Al Gore on Immigration

English is our language, but “English-Only” divides us

Q: Should English be made the country’s official language?

A: I believe that all of our people should have the opportunity to learn English, so that they can succeed and reach their fullest potential. However, I oppose ‘English only’ proposals. Everyone knows that English is the language of the United States. ‘English only’ laws only seek to divide our nation, which has a long history of immigration by people who speak many languages.“

Source: Associated Press Nov 1, 2000

Citizenship for 1.2M cleared backlog, but sacrificed quality

One of Gore’s attempts to improve government produced such confusion that thousands of people became citizens without adequate background checks, the Justice Dept. says in a new report, and “compromised the integrity” of the INS process. [But] the report said there is no evidence that the 1996 election motivated the crash program.

Under the crash “Citizenship USA” program, a part of Gore’s government reinvention effort, about 1.2 million people were given citizenship from Oct. 1995 to Sept. 1996, [with the intent of] eliminating a massive backlog of nearly 500,000 citizenship cases at INS. The waiting period for citizenship had been as much as three years.

The investigators found that the crash program put quantity over quality. The INS had processed applicants so quickly that in many cases citizenship was granted before the INS received criminal background checks from the FBI. But the report said there was no way to determine how many unqualified individuals gained citizenship.

Source: Aug 1, 2000

More immigrants to alleviate labor shortage

Q: Now that we have a shortage of workers, do you think we should open our doors to more immigrants?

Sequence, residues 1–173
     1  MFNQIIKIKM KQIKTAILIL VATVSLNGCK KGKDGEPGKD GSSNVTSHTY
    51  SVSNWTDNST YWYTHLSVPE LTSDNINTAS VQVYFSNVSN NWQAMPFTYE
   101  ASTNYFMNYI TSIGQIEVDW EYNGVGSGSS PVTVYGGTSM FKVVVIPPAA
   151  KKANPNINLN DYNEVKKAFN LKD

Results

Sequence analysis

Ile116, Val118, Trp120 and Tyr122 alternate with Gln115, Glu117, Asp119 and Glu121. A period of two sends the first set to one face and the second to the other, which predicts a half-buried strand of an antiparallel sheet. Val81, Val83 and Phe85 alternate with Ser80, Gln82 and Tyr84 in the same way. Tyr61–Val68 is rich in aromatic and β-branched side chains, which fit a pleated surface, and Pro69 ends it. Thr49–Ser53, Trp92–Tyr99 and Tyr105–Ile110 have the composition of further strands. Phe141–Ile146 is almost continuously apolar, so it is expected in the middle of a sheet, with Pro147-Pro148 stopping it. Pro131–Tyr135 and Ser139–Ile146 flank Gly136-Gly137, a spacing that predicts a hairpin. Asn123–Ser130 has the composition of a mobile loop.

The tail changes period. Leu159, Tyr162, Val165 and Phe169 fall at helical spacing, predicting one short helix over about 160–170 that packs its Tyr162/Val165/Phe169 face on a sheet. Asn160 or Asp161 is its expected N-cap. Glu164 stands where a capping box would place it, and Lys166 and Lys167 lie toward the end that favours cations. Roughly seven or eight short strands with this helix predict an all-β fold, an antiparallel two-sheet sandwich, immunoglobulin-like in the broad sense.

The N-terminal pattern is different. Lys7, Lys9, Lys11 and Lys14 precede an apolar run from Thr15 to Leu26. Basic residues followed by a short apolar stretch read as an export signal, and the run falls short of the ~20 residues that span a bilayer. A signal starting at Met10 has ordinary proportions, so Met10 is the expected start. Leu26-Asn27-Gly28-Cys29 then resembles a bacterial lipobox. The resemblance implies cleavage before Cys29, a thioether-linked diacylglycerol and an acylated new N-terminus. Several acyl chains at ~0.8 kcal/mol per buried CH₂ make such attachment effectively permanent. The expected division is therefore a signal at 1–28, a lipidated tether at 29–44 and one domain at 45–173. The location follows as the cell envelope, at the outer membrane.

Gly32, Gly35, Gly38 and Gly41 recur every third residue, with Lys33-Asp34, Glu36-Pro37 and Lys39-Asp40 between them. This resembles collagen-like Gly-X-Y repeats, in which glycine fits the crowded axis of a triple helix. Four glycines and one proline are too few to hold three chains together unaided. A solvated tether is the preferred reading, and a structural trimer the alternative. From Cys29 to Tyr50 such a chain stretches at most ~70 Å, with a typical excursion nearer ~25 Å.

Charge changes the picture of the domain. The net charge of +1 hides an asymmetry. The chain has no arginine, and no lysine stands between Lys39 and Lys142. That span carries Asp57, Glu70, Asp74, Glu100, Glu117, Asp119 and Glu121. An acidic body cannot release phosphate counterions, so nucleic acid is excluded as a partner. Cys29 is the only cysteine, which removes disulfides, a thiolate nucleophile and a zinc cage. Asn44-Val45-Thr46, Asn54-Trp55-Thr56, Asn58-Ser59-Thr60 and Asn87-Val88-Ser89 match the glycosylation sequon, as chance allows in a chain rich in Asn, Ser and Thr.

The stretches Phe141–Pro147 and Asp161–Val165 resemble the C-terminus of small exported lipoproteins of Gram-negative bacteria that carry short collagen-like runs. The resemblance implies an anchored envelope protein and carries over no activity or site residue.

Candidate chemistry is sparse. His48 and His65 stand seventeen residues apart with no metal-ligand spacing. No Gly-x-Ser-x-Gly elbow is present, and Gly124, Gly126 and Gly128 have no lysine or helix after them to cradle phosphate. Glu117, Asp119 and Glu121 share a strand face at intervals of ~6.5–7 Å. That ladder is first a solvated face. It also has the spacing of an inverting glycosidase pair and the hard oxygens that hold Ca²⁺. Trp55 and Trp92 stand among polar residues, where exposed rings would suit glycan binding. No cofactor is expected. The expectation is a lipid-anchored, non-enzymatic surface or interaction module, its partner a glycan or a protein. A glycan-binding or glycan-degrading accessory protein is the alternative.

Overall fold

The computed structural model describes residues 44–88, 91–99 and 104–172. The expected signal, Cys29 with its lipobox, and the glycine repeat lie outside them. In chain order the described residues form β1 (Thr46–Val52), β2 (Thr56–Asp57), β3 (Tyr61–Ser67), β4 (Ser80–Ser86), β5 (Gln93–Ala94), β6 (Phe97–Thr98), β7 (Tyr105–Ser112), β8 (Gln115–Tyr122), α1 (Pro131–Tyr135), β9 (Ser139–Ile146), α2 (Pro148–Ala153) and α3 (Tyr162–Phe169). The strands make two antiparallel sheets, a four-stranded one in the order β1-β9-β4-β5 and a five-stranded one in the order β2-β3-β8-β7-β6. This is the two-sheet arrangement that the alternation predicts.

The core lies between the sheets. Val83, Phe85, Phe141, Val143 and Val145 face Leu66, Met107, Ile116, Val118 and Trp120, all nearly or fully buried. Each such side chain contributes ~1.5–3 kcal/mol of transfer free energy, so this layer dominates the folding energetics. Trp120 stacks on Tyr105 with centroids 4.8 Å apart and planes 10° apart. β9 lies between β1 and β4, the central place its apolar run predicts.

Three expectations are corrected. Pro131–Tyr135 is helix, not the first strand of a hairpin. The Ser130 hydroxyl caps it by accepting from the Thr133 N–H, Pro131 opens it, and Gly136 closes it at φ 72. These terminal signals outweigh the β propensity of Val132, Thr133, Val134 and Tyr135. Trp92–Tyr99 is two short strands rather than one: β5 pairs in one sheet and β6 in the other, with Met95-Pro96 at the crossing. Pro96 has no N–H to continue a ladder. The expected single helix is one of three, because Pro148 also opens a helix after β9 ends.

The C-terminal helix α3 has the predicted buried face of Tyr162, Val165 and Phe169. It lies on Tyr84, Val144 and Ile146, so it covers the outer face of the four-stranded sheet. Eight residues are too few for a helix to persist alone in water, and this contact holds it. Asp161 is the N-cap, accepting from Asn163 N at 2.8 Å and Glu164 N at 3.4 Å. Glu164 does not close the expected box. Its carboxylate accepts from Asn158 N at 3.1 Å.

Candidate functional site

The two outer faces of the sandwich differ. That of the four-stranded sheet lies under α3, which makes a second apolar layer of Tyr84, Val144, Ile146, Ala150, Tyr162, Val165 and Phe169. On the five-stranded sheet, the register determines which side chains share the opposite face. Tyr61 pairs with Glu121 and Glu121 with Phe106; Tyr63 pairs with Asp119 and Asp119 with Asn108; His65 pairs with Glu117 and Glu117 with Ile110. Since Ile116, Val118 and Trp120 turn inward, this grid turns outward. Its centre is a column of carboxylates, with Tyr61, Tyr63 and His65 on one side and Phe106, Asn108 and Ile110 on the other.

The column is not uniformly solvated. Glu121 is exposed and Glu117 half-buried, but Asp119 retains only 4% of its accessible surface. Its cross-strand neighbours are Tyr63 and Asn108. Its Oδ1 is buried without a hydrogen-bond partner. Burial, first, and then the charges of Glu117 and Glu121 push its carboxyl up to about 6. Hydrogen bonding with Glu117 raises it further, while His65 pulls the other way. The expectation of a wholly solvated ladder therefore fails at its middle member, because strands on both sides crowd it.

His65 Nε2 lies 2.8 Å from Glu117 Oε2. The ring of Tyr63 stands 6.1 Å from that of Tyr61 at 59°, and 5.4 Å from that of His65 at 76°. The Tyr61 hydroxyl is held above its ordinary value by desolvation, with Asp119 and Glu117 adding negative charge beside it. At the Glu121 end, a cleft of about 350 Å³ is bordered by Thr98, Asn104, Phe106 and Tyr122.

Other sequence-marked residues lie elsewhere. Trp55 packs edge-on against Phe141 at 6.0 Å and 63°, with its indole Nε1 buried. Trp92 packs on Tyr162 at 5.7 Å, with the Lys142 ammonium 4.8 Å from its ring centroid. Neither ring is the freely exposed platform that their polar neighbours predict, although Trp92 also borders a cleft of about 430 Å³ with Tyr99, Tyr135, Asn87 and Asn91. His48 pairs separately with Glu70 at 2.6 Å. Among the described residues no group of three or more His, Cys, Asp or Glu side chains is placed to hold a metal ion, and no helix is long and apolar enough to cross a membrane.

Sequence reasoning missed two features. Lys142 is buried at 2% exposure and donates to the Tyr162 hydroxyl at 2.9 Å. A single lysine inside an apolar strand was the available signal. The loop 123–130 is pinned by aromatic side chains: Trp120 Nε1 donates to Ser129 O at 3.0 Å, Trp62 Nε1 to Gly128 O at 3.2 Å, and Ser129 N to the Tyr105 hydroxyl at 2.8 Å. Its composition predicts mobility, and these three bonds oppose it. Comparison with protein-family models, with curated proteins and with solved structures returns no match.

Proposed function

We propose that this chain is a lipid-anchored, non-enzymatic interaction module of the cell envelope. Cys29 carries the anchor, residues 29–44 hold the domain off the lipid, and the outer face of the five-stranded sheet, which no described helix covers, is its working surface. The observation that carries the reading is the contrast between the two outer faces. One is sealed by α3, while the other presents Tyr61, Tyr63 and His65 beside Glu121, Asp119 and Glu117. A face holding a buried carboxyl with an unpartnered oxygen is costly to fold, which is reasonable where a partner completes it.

A: Yes, I think that we should allow more immigrants to come in. We are a nation of immigrants and with pride. It is what has made us a great nation. All of us, save the Native Americans, need only count back the generations to find when our families immigrated here or when they were brought here in chains.
Source: Democrat debate in Los Angeles Mar 1, 2000

Immigrants from communist Cuba are different

Q: Under what is known as the wet-foot-dry-foot law, a Cuban who makes it to US soil can stay. Do you think that this law should be expanded to include other groups? A: I think that Communist dictatorships are treated differently for a legitimate reason.
Source: Democrat Debate in Des Moines, Iowa Jan 17, 2000

Immigration leads to diversity and cultural tolerance

[America is] not a “melting pot” that dissolved all differences - but a [place where we] overcame ethnic and religious differences. With each wave of immigrants, we have become not only more diverse - but also more open and equal; not only culturally richer - but also spiritually stronger. Now, in our present time, we can say with pride that we are not only the most diverse multi-ethnic society in human history, but also the nation with the strongest and most enduring common values.
Source: Speech on 50th Anniversary of NATO, Ellis Island, NY Apr 21, 1999

Other candidates on Immigration: Al Gore on other issues:
John Ashcroft
Pat Buchanan
George W. Bush
Dick Cheney
Bill Clinton
Hillary Clinton (D,NY)
Elizabeth Dole
Steve Forbes
Rudy Giuliani (R,NYC)
Al Gore
Alan Keyes
John McCain (R,AZ)
Ralph Nader
Ross Perot
Colin Powell
Jesse Ventura (I,MN)

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